The next phone calls made by the beleaguered business owner were to both USDA central headquarters in Washington, District of Criminals, and to whomever was being referred to as that region of Nebraska’s “congressional representative” at the time. After many more phone calls, letters sent by registered U.S. mail – both from the businessman and his privately-hired attorney – and the threat of a federal lawsuit, someone lower down on the government food chain from the Napoleonic USDA district director was dispatched to Nebraska from the South Dakota USDA to place the much sought-after seal of approval on the load of beef so that it could then be duly sold and consumed by hungry customers -- without subjecting the product’s producer to fines, shutdown, and arrest.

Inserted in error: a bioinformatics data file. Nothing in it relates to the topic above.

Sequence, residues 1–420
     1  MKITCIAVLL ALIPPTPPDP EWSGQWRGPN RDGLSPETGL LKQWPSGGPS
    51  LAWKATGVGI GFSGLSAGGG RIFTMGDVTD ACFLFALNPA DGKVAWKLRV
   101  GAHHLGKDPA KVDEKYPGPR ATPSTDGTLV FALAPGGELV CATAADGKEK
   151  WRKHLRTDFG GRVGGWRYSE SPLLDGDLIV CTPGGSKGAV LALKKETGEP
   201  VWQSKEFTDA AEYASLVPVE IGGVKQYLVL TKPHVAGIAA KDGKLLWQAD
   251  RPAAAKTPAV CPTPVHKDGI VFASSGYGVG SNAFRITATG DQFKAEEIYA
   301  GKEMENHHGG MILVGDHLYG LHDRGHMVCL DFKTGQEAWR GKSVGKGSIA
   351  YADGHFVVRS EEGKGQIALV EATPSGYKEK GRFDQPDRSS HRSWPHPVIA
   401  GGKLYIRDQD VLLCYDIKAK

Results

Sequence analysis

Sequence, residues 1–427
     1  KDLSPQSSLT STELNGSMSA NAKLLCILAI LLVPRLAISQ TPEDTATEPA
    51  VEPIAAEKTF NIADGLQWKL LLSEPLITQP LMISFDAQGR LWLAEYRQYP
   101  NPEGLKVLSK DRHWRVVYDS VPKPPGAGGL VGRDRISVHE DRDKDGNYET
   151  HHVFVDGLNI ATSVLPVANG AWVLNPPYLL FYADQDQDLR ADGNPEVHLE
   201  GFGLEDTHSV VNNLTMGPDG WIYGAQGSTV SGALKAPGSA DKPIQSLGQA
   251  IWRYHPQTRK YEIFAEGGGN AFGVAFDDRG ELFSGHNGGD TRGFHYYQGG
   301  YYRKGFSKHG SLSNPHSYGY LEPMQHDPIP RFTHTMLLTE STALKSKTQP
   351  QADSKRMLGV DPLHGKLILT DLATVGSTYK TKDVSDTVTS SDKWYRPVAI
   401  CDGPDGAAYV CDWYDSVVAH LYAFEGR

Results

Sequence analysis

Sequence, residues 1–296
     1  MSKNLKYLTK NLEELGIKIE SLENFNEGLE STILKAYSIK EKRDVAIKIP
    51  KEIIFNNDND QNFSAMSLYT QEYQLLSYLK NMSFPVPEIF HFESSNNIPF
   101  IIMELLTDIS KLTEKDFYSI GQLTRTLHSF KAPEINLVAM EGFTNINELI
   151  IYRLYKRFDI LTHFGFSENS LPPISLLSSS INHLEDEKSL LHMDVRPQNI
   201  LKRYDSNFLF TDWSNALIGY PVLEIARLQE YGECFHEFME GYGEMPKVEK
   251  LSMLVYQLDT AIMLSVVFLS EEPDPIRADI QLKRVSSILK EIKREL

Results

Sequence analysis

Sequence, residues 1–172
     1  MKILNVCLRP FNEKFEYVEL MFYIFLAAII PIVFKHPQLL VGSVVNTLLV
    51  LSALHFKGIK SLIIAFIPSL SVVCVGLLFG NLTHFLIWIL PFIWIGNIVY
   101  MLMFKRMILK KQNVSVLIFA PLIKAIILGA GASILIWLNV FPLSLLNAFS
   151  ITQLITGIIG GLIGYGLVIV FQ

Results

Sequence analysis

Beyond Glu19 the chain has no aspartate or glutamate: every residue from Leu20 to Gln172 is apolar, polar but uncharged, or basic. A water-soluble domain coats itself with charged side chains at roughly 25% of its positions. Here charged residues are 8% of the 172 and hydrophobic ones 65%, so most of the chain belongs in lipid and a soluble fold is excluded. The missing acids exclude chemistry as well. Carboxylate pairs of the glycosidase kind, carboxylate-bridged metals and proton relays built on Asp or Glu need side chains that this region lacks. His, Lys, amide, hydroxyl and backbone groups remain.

Whether the self-styled USDAeity was ever disciplined, demoted, or simply fired as a result of his arrogance was never known to myself or my co-workers – and likely never even to the Nebraska plant owner himself. Maybe I’m just being cynical, but I’d guess not. Rarely do the unproductive members of state bureaucracy sanction each other. They only do that to those of us forced to fork over their paychecks, and usually with unrelenting and remorseless brutality. After all, government attracts mostly psychopaths and sociopaths (what modern psychologists refer to as Antisocial Personality), and so what else is to be realistically expected?